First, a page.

Nor deem this verse, tho' humble, thy disgrace; Ah, think how soun the wise and glorious fall! All are vot born the glory of their race : What though the sisters ev'ry grace impart, Yet all are born t'adore the great man's name, To smooth thy verse, and captivate the heart : And trace liis footsteps in the paths to fame. What though your charms, my fair Cleora ! shine The Muse, who now this early homage pays, Pright as your eyes, and as your sex divine : First learn'd from thee to animate ber lays: Yer shall the verses, and the charms decay, A Muse as yet unhonour'd, but upstain'd, The boast of youth, the blessing of a day! Who prais'd no vices, no preferment gain'd; Not Chaucer's beauties could survive the rage Unbiass'd or to censure or commend, Of wasting envy, and devouring age:
Who kvows no envy, and who grieves no frierd; One mingled heap of ruin now we see:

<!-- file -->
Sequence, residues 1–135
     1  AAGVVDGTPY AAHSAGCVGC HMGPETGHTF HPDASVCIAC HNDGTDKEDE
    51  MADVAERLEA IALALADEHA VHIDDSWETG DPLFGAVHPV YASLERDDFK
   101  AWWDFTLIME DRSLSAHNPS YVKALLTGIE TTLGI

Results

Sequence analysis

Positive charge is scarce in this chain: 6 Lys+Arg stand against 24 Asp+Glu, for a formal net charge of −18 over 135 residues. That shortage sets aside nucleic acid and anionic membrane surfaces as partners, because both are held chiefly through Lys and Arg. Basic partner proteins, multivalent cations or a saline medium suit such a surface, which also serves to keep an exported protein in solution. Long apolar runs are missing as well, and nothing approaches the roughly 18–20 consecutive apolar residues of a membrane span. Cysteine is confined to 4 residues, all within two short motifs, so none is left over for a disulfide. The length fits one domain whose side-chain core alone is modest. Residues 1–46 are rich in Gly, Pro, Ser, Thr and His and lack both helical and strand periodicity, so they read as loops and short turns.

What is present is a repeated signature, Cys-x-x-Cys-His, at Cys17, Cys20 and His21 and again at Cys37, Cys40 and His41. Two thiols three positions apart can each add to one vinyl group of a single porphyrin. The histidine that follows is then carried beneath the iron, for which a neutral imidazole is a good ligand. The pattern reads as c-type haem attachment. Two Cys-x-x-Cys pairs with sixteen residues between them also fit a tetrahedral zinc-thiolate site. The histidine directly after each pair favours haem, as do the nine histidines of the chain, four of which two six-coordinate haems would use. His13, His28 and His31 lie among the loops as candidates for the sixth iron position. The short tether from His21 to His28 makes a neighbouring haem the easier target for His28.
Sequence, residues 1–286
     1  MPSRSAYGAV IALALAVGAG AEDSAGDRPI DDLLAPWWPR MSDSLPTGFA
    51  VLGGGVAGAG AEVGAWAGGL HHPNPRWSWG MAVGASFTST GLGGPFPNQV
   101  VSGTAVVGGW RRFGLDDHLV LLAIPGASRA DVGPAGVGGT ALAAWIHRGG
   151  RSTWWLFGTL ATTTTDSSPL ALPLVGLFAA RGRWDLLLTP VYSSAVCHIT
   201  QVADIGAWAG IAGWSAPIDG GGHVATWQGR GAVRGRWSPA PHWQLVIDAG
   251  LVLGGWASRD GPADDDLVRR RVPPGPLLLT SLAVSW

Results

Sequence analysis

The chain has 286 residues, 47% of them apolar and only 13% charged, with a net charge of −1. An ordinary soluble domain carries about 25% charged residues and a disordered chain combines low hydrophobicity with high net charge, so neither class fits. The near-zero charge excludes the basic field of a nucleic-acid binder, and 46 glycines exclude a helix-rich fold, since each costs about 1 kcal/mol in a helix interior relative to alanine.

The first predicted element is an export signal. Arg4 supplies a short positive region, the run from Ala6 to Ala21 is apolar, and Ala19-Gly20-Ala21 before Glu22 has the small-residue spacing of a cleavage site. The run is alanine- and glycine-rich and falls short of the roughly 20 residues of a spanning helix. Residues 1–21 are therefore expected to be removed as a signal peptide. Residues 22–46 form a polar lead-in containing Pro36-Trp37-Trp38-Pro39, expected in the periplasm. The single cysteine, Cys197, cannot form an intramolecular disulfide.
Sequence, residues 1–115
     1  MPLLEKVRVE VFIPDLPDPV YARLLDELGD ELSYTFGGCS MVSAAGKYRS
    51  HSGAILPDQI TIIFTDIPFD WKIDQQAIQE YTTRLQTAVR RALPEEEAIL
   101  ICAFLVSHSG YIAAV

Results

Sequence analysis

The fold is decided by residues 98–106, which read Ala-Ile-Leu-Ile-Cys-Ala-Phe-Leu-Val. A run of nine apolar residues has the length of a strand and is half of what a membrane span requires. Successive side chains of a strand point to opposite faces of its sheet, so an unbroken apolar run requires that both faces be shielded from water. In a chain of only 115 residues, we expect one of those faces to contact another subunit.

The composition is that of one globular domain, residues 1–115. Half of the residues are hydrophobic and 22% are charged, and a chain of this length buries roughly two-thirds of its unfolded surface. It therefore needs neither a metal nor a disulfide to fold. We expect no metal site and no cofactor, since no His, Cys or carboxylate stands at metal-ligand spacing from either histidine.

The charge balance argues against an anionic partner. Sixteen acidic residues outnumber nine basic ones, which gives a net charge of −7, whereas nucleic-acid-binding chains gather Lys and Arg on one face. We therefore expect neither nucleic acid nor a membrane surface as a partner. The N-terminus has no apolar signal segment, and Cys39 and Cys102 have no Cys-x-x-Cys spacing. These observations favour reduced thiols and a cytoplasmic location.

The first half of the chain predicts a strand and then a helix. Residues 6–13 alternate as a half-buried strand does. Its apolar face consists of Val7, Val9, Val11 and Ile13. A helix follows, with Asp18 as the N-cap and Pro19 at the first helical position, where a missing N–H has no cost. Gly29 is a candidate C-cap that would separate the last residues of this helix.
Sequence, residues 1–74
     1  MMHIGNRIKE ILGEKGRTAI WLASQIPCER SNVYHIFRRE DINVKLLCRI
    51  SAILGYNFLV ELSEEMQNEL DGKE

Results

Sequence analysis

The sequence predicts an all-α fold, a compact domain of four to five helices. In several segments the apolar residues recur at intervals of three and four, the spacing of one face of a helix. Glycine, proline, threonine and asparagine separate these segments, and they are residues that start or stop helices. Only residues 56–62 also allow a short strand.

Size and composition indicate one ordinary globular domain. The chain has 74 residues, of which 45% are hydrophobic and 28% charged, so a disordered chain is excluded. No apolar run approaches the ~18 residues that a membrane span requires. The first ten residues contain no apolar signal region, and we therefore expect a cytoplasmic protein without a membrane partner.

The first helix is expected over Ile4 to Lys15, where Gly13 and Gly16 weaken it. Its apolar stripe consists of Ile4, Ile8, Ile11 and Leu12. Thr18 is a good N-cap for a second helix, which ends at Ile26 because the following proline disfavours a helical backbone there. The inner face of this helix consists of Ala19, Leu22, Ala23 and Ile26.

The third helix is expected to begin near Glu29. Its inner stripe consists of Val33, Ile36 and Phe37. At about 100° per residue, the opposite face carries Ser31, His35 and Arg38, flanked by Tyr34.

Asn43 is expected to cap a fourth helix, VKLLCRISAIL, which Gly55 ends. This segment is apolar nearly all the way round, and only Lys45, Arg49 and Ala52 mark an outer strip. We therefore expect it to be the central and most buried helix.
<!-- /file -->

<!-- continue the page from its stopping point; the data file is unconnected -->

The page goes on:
Perhaps too fond to make those virtues known, Thus Chaucer is, and Fenton thus shall be ! And fix her fame immortal on thy own.
TO MR. POPE.
THE SIXTH THEBAID OF STATITS. To move the springs of nature as we please,
TRANSLATED INTO ENGLISH ; wrth NOTES To think with spirit, but to write with ease: With living words to warm the conscious heart, Thebajdos, lætam fecit eum Statius urbem,
Curritur ad vocem jucundam, & carmen amicæ
Promisitque diem : tantâ dulcedine captos
ARGUMENT TO THE WHOLE TUEBAID. . Epistle to Southerne.
OEDIPUs the son of Laius, king of Thebes, was